September 6, 2002

Chicano/a Community in Los Angeles jumpstarts new Antiwar Movement

By Ralph Molina

During the week of August 25, veterans of the Chicano/a antiwar Viet Nam War movement returned to the streets and meeting places of East Los Angeles to impart the lessons of their time to the youth of today. A week-long series of events began with a march and rally against Bush’s foreign and domestic policies. Organized by the Centro CSO, the rally speakers emphasized the fact that Bush-Cheney are placing the American people in more danger both at home and abroad and threatening the lives of millions around the world. CSO spokesman Carlos Montes pointed out that the almost half trillion dollar Pentagon budget will make health care and educational reforms in the U.S. impossible.

At the Avenue 50 Studio in Highland Park an exhibit including posters, photos and newspaper articles commemorated the antiwar demonstrations staged between 1969 and 1971 known as the Chicano Moratorium. The exhibit was curated by long-time activists Rudy and Nancy Tovar. “This is a lesson for the present,” said Mr. Tovar, a World War II veteran now 80 years old. “I believe that the same thing will happen that happened during the Vietnam action—that Chicanos in disproportionate numbers will be sent to die needlessly.”

On Sunday the 25th, a panel discussion at the Lincoln Heights library drew a large crowd of interested community members. Dr. Mario Garcia of UC Santa Barbara and Dr. Raul Ruiz of Cal State University, Northridge discussed the largest Chicano demonstration of the Viet Nam period on August 29, 1970. On that day, approximately 25,000 people protested the war and three people, including L.A. Times reporter Ruben Salazar, were killed by police. Dr. Jorge Mariscal of UC San Diego, author of Aztlan and Viet Nam: Chicano and Chicana Experiences of the War, explained how military recruiters are invading our public schools and targeting Latino/a youth whose opportunities are limited. “Latino/a youth will make up the largest pool of available 18 year olds for well into the next century,” Mariscal said. “The Latino/a high school drop out rate is still high and Latino/as have been essentially excluded from most campuses in the UC system. The Pentagon knows this and has an aggressive propaganda campaign to exploit the situation.”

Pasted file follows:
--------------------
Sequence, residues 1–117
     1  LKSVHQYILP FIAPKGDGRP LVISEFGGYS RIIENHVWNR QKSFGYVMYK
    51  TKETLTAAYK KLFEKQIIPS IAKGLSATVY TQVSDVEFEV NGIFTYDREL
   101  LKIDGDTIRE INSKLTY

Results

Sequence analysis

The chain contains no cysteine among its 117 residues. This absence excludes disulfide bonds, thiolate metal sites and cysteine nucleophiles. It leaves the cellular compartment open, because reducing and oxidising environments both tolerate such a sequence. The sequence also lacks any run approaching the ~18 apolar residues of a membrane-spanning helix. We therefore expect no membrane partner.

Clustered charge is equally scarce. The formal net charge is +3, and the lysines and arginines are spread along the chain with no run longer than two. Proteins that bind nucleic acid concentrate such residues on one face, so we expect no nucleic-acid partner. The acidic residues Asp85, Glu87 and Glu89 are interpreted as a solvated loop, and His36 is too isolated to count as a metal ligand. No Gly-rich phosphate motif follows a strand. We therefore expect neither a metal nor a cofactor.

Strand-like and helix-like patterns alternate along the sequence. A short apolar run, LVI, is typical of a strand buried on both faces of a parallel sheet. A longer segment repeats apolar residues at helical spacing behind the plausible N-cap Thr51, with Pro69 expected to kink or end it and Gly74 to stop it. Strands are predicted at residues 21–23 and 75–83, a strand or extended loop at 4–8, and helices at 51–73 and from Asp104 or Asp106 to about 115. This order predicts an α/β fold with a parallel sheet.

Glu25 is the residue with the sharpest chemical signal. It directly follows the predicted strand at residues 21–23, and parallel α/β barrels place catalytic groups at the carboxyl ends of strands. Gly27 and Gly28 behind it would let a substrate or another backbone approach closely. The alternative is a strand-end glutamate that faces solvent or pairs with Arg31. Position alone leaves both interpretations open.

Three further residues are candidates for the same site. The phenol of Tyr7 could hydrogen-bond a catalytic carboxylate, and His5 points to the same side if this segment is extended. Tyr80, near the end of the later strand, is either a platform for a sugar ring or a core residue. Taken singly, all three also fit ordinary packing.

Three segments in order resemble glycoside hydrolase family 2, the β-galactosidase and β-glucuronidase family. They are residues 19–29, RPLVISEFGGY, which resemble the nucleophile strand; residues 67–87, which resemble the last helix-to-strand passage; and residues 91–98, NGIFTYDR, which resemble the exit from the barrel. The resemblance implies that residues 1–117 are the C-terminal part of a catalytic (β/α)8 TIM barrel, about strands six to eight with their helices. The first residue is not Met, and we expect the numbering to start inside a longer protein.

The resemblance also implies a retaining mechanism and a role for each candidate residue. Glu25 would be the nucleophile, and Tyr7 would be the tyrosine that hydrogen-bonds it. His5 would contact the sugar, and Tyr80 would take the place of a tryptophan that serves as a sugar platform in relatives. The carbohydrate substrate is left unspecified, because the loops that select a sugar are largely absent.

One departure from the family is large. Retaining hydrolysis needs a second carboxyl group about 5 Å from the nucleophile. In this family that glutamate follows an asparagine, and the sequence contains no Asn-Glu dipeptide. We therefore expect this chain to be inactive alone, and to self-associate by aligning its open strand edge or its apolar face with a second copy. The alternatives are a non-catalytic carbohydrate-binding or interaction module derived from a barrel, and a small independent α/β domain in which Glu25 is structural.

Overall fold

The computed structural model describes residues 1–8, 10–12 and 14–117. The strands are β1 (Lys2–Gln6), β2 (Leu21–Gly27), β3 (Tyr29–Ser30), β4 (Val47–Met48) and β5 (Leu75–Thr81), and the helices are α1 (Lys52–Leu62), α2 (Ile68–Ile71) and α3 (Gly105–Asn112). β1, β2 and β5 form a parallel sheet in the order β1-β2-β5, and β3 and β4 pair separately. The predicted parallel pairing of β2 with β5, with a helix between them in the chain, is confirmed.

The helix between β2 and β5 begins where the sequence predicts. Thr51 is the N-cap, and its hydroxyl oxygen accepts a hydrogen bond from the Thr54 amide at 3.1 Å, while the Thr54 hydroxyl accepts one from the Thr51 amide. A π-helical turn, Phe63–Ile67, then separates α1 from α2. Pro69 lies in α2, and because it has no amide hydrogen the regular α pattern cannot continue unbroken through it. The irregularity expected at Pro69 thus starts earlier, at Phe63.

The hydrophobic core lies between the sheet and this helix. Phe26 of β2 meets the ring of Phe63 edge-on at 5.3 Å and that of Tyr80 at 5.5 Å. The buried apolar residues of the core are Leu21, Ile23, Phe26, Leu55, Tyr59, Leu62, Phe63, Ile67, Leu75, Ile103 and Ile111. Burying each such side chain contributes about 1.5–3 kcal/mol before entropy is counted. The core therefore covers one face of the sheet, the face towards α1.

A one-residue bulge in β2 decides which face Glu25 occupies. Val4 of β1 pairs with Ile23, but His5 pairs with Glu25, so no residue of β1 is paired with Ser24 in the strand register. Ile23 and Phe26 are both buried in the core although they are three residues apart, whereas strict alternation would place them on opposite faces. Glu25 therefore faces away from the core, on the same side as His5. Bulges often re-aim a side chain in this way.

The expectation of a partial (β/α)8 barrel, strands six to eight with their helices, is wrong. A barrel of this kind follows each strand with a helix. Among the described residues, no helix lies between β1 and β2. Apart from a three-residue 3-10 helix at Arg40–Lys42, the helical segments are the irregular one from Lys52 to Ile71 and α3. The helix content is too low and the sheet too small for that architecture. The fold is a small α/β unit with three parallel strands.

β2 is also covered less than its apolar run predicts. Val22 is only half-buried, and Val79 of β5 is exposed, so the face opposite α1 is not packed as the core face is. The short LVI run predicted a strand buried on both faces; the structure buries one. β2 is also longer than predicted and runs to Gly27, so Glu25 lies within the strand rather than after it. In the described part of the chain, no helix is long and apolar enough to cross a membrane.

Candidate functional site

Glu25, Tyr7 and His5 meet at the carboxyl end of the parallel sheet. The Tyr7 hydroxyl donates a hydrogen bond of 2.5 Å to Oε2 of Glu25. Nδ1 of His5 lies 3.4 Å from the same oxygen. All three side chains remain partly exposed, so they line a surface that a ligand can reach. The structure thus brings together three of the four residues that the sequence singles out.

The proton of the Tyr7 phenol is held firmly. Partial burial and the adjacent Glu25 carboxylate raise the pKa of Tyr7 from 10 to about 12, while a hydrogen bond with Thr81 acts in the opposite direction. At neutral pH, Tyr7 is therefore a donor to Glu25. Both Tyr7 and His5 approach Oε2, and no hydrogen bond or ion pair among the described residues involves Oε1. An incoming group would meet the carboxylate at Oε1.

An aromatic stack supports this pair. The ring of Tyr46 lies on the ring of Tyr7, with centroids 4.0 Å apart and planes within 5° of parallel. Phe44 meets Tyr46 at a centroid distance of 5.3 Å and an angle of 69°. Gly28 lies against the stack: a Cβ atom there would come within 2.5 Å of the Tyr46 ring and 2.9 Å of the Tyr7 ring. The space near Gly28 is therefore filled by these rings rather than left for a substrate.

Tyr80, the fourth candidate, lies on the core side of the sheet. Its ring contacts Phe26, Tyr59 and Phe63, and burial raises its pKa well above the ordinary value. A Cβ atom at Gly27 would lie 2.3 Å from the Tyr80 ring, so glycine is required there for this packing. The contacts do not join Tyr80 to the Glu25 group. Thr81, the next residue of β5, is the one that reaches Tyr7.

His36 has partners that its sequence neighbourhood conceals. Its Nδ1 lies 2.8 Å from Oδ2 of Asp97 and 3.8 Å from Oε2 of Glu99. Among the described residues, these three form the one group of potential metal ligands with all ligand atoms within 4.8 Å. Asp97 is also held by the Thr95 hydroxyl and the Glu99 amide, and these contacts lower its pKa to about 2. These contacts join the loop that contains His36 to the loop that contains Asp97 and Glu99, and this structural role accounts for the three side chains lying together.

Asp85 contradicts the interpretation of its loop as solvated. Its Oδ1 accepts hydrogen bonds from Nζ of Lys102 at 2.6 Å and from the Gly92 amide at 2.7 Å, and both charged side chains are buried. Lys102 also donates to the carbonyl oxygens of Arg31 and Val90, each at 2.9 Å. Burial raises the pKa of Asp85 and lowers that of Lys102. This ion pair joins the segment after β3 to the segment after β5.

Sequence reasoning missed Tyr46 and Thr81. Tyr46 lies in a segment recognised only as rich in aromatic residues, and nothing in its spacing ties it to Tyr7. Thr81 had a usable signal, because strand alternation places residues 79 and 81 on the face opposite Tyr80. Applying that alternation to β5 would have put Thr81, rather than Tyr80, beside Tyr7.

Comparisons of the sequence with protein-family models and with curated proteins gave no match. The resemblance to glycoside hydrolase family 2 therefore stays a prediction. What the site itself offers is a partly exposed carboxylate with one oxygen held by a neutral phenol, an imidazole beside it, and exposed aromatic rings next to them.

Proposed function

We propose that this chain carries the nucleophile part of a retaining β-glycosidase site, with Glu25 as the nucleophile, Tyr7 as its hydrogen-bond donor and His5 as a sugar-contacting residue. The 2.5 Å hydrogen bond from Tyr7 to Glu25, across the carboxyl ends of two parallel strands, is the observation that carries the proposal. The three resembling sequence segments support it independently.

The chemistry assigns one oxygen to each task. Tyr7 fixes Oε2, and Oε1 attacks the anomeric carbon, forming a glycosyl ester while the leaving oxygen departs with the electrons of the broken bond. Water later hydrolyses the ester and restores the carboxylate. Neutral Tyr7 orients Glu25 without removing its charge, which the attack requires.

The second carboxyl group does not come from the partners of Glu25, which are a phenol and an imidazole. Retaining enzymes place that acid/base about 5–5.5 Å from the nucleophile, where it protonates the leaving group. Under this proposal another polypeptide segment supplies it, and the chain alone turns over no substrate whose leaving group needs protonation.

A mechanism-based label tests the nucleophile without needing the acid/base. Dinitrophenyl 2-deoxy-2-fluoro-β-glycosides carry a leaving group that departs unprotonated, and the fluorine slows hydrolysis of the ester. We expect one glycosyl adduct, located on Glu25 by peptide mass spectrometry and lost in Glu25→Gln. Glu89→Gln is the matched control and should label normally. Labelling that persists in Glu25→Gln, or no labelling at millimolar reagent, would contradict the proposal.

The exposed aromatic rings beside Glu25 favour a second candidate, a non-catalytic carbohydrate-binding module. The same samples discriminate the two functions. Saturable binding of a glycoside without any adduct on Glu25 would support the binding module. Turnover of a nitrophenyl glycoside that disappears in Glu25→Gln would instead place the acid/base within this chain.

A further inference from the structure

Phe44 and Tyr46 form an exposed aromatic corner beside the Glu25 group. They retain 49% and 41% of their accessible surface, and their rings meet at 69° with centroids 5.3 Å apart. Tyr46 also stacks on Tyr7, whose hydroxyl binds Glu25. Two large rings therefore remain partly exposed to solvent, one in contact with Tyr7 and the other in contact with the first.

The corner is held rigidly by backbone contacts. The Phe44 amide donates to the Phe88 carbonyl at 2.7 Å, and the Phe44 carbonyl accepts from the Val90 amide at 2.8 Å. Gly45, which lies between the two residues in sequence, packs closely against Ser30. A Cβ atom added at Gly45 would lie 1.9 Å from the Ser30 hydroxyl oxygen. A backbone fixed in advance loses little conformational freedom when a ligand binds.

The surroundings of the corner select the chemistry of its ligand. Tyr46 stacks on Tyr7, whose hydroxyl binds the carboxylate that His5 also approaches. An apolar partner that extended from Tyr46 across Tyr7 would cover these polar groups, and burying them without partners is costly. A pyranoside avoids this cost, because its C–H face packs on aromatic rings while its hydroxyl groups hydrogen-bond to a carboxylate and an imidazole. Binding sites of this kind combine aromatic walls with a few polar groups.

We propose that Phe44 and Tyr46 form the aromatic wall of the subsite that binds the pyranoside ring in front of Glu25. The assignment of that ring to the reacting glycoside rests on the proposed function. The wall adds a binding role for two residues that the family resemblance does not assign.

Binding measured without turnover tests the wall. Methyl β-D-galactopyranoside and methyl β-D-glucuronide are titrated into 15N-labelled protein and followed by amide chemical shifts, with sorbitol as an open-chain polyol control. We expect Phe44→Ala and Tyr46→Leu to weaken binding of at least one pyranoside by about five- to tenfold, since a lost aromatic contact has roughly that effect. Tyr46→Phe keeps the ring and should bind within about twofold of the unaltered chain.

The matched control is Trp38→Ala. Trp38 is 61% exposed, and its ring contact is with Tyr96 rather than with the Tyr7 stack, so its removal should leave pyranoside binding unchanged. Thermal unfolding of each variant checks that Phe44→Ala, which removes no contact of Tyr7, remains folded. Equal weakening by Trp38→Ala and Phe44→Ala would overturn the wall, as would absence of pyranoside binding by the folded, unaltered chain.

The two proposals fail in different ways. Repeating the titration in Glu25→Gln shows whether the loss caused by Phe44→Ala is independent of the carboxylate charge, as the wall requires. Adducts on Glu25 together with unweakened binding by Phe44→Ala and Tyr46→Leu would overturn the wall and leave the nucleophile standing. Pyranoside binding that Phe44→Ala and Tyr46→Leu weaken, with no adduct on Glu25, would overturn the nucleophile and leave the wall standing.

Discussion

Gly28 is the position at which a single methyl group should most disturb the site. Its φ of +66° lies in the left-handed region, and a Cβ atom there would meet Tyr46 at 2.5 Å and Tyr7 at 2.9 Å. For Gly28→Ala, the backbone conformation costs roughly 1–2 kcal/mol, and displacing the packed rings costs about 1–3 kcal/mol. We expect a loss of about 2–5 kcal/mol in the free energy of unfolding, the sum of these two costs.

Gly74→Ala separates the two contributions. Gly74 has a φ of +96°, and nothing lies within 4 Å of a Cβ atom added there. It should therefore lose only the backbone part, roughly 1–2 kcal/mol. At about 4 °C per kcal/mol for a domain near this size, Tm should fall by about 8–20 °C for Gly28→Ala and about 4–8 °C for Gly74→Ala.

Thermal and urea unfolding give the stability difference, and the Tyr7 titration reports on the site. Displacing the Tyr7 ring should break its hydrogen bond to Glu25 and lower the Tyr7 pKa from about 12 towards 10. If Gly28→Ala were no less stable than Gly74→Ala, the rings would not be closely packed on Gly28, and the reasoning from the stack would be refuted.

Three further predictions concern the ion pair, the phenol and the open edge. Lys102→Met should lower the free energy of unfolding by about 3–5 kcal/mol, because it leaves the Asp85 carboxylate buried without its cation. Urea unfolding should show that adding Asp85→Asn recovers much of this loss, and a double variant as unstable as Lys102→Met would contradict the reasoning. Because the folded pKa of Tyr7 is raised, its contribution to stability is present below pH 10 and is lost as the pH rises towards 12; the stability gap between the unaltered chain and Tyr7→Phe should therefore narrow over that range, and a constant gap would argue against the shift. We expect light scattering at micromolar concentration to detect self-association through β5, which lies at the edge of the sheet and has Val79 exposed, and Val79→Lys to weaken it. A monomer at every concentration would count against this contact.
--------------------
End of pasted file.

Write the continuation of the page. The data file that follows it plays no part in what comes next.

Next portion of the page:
Original Moratorium members Rosalio Munoz, Robert Elias, Gloria Arellanes, and David Sanchez were present at the events in Los Angeles. Munoz, who refused induction into the military when he was drafted in 1969, spoke about the current crisis: “We are again at a time of military escalation as the Bush administration is calling for a prolonged war on terrorism. That has many of us worried about the denial of rights in our Constitution.” In response to the present situation, Munoz and Elias have decided to resuscitate the Moratorium Committee. “Our youth need to have more opportunities than prison or the military,” said Munoz. “We will not stand by and allow war fever to overwhelm our people.”

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